A number of different designs can be used to evaluate training programs. Table 6.8 compares each design on the basis of who is involved (trainees, comparison group), when measures are collected (pretraining, posttraining), the costs, the time it takes to conduct the evaluation, and the strength of the design for ruling out alternative explanations for the results. As shown in Table 6.8, research design vary based on whether they include pretraining and posttraining measurement of outcomes and a comparison group. In general, designs that use pretraining and posttraining measures of outcomes and include a comparison group reduce the risk that alternative factors (other than the training itself) are responsible for the results of the evaluation. This increases the trainer’s confidence in using the results to make decisions. Of course, the trade-off is that evaluations using these designs are more costly and take more time to conduct than do evaluations not using pretraining and posttraining measures or comparison groups.
The posttest-only design refers to an evaluation design in which only posttraining outcomes are collected. This design can be strengthened by adding a comparison group (which helps to rule out alternative explanations for changes). The posttest-only design is appropriate when trainees (and the comparison group, if one is used) can be expected to have similar levels of knowledge, behavior, or results outcomes (e.g., same number of sales, equal awareness of how to close a sale) prior to training.
Consider the evaluation design that Mayo Clinic used to compare two methods for delivering new manager training. Mayo Clinic is one of the world’s leading centers of medical education and research. Recently, Mayo has undergone considerable growth because a new hospital and clinic have been added in the Phoenix area (Mayo Clinic is also located in Rochester, Minnesota). In the process, employees who were not fully prepared were moved into management positions, which resulted in increased employee dissatisfaction and employee turnover rates. After a needs assessment indicated that employees were leaving because of dissatisfaction with management, Mayo decided to initiate a new training Program Design to help the new managers improve their skills. There was some debate whether the training would be best administered in a classroom or one-on-one with a coach. Because of the cost implications of using coaching instead of classroom training (the costs were higher for coaching), Mayo decided to conduct an evaluation using a posttest comparison group design. Before training all managers, Mayo held three training sessions. No more than 75 managers were included in each session. Within each session managers were divided into three groups: a group that received four days of classroom training, a group that received one-on-one training from a coach, and a group that received no training (a comparison group). Mayo collected reaction (did the trainees like the program?), learning, transfer, and results outcomes. The evaluation found no statistically significant differences in the effects of the coaching compared to classroom and no training. As a result, Mayo decided to rely on classroom courses for new managers and to consider coaching only for managers with critical and immediate job issues.
The pretest/posttest refers to an evaluation design in which both pretraining and posttraining outcome measures are collected. There is no comparison group. The lack of a comparison group makes it difficult to rule out the effects of Business Conditions or other factors as explanations for changes. This design is often used by companies that want to evaluate a training program but are uncomfortable with excluding certain employees or that only intend to train a small group of employees.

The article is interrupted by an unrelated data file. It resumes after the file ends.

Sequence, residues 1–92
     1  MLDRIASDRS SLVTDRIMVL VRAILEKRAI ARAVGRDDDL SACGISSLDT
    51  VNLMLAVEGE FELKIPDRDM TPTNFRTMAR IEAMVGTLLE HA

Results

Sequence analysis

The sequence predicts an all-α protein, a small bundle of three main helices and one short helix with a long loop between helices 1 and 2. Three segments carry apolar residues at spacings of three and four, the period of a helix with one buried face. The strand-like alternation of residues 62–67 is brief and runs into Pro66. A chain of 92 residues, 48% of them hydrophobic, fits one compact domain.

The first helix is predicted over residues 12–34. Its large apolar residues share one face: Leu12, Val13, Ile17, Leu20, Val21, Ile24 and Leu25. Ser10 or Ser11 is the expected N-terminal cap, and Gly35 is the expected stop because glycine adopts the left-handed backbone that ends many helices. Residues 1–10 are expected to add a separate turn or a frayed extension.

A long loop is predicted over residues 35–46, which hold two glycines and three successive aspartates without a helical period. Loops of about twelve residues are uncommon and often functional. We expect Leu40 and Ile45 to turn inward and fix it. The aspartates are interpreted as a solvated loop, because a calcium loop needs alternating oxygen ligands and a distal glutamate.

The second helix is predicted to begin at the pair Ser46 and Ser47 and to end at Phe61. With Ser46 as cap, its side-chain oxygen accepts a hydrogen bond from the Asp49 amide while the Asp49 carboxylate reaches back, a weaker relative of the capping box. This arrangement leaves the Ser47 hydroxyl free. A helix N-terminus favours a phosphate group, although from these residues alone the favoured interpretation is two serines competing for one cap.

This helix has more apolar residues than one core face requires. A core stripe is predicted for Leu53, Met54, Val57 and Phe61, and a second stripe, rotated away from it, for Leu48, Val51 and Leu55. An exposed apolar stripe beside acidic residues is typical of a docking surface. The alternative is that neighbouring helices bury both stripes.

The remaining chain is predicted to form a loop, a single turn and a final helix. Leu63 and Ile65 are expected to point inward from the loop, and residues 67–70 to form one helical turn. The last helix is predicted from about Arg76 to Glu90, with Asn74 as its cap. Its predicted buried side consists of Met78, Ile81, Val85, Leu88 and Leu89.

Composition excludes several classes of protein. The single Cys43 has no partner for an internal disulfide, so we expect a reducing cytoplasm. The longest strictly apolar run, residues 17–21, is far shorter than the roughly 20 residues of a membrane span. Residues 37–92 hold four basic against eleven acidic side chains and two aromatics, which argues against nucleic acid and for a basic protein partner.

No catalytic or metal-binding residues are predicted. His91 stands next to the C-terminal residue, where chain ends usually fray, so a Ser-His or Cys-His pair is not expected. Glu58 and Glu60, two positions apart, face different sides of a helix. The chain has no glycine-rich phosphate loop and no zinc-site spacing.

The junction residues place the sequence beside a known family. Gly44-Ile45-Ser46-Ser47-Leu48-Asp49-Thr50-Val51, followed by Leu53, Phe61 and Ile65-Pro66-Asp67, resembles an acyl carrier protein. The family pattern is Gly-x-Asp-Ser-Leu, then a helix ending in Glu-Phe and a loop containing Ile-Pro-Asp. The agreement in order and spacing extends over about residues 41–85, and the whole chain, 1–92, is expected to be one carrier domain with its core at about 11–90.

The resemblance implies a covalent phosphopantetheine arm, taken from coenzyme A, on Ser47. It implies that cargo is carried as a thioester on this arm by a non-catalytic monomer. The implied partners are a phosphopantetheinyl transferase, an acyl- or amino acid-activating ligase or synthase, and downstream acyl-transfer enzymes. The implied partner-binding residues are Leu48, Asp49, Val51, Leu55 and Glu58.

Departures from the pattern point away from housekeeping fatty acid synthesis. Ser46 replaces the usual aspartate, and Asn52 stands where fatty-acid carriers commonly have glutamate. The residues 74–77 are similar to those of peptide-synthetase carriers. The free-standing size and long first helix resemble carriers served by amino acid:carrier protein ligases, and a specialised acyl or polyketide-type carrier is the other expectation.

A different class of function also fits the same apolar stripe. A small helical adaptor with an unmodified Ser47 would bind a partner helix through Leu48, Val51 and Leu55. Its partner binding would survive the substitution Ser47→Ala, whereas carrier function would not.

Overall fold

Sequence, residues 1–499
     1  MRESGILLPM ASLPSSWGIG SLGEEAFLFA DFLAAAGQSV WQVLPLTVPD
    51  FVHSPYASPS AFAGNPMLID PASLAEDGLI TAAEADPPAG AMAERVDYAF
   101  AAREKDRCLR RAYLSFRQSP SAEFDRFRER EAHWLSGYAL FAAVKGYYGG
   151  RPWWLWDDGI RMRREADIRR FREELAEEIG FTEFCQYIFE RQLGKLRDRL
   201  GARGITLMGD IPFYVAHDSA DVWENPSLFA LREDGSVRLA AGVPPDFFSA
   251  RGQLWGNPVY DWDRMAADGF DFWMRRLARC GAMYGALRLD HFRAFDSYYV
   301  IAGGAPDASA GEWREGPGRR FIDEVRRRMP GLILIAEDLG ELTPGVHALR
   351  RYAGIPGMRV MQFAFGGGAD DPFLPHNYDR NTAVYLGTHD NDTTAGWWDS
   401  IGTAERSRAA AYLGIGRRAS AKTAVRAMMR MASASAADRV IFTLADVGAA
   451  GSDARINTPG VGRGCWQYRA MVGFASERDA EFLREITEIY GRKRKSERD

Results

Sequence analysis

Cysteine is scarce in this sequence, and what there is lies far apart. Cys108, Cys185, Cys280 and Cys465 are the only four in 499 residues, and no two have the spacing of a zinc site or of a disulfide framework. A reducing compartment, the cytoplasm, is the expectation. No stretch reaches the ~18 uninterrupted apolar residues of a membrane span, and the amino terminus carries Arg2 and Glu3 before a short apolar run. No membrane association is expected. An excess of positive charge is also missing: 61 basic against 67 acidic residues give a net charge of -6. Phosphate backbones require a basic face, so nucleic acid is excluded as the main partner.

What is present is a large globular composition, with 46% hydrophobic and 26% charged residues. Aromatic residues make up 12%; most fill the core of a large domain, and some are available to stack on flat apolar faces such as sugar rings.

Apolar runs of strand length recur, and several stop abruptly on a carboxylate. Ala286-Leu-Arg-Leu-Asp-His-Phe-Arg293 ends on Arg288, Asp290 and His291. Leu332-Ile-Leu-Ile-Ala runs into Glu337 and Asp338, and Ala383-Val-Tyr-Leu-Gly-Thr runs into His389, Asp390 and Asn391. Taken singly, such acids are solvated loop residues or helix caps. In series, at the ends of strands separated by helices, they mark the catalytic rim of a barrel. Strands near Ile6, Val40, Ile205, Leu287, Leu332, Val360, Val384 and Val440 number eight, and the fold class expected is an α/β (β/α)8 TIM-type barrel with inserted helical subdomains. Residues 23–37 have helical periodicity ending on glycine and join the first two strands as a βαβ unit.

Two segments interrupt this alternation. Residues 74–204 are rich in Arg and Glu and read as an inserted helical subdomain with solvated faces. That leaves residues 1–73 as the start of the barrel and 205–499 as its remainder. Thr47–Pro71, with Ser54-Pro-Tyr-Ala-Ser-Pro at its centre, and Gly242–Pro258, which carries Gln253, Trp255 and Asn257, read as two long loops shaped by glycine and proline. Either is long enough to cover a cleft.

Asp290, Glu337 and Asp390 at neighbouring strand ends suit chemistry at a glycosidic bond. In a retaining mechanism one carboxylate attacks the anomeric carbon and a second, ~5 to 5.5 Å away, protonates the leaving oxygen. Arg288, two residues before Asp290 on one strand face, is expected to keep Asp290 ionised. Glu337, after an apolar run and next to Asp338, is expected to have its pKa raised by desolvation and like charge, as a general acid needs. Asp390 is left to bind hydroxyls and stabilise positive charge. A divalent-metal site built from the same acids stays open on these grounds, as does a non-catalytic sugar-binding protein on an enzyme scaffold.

Pretest/Posttest with Comparison Group
The pretest/posttest with comparison group refers to an evaluation design that includes trainees and a comparison group. Pretraining and posttraining outcome measures are collected from both groups. If improvement is greater for the training group than the comparison group, this finding provides evidence that training is responsible for the change. This type of design controls for most of the threats to validity.
Table 6.9 presents an example of a pretest/posttest comparison group design. This evaluation involved determining the relationship between three conditions or treatments and learning, satisfaction, and use of computer skills. The three conditions or treatments (types of computer training) were behavior modeling, self-paced study, and lecture. A comparison group was also included in the study. Behavior modeling involved watching a video showing a model performing key behaviors necessary to complete a task. In this case the task was procedures on the computer.
Forty trainees were included in each condition. Measures of learning included a test consisting of 11 items designed to measure information that trainees needed to know to operate the computer system (e.g., “Does formatting destroy all data on the disk?”). Also, trainees’ comprehension of computer procedures (procedural comprehension) was measured by presenting trainees with scenarios on the computer screens and asking them what would appear next on the screen. Use of computer skills (skill-based learning outcome) was measured by asking trainees to complete six computer tasks (e.g., changing directories). Satisfaction with the program (reaction) was measured by six items (e.g., “I would recommend this program to others”).
As shown in Table 6.9, measures of learning and skills were collected from the trainees prior to attending the program (pretraining). Measures of learning and skills were also collected immediately after training (posttraining time 1) and four weeks after training (posttraining time 2). The satisfaction measure was collected immediately following training.